|4||Very Bright||Shows good color under low light and sharp crisp color under indirect sunlight|
|5||Brilliant||Shows exceptionally bright crisp color in all lighting situations|
This is one of the unique elements of an opal’s coloration. Coverage refers to the amount of surface showing play of color. Ideally, the entire crown of the gem should show fire. The less area covered, the lower the value. Centering is also important. To get the highest value, the best play of color should be centered. Opals with their best play of color to the sides or off-centered are less valuable.
For example, in the image below, the colors are dull towards the top and strong on the lower left. Since approximately a third of the stone has poor fire, the opal’s color grade would be reduced considerably.
True inclusions in opals include sand, non-opal spots, healed fractures, chips, webbing or fine strands of potch or sandstone between the areas of color, and fractures. Their effect on value is in direct relationship to their effect on the appearance of the gem. Fine black potch webbing between the color zones is of small consequence. Sand on a black opal, or black potch showing through a layer of light opal, are very unsightly and reduce value considerably.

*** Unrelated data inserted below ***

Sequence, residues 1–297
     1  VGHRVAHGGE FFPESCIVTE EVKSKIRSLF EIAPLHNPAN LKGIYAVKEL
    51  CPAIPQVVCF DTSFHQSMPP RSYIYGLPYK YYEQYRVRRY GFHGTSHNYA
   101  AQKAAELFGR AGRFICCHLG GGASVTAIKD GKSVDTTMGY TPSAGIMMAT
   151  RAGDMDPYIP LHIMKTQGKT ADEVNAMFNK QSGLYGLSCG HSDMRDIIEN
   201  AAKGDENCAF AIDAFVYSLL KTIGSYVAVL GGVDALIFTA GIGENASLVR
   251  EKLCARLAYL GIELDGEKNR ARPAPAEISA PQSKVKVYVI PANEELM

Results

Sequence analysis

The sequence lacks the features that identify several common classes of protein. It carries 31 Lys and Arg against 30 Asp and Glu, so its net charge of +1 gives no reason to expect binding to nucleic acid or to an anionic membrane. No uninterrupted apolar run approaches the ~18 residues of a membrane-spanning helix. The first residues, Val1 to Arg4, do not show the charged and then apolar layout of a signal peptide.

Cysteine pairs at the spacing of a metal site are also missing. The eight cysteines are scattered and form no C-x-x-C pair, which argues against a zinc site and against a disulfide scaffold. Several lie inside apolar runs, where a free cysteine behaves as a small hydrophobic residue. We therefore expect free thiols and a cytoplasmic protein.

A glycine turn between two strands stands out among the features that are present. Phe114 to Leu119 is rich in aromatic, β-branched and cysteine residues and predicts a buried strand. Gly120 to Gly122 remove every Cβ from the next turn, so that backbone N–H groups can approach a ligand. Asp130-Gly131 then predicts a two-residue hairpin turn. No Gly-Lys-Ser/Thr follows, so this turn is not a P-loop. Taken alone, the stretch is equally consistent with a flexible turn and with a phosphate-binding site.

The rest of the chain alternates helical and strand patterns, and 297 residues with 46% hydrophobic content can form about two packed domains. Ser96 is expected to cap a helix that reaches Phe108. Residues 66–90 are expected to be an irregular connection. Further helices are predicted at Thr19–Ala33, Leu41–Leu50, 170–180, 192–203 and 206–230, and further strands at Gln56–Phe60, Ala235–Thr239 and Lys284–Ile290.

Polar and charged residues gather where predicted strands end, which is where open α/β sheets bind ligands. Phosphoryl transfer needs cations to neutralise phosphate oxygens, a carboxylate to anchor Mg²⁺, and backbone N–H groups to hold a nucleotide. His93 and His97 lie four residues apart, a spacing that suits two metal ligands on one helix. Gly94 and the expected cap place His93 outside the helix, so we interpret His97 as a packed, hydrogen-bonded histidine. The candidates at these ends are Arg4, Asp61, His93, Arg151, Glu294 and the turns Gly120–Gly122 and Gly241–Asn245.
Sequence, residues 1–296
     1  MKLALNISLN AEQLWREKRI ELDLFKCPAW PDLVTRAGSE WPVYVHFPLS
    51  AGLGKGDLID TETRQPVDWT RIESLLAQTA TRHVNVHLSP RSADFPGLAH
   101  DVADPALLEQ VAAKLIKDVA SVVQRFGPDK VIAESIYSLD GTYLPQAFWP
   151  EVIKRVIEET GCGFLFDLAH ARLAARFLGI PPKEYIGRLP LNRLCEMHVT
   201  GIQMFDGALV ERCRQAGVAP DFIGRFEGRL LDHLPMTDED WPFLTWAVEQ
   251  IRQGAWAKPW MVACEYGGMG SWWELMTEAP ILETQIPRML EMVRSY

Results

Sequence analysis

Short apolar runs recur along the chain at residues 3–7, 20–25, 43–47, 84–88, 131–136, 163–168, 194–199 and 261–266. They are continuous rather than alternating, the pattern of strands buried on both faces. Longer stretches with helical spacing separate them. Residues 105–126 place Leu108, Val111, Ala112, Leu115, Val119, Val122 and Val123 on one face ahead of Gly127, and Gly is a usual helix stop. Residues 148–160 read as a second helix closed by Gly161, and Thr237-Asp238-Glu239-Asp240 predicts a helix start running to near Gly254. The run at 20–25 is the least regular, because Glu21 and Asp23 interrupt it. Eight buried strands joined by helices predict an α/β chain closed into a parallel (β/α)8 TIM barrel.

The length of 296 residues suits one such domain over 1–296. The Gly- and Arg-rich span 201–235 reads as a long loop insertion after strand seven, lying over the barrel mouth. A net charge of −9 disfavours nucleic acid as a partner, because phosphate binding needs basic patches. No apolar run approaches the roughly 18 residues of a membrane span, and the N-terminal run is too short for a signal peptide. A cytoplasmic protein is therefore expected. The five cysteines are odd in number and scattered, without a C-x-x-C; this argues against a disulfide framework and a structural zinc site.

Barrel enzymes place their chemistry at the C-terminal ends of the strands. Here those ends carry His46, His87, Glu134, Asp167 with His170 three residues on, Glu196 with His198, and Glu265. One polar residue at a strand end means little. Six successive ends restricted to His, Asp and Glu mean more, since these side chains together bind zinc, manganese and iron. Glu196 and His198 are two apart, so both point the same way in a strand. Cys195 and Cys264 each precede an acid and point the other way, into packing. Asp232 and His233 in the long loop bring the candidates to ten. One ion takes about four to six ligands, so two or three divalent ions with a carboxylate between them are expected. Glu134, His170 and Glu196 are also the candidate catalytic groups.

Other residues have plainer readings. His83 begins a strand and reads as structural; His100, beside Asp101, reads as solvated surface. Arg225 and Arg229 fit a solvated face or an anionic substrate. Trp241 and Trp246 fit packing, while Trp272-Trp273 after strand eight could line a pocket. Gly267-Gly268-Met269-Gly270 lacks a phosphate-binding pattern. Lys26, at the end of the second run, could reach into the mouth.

Matrix is the host rock on which the opal is found. While not truly an inclusion, it has the same effect on value when it appears on the surface of the gem.
Since opals are delicate, fractures will reduce their value to nearly nothing. Cracked opals are not suitable for jewelry. If a fractured stone can be recut, its value is that of rough (about 10% to 25% of its normal value). Shallow crazing (surface cracks) can sometimes be filled. If the results are invisible, it will only make a small deduction in value.
The ideal cut for an opal is a high dome with even proportions, but few opals allow for this shape. Most are thin, which has little effect on value. The quality of polish should be very good to excellent in all the higher grades.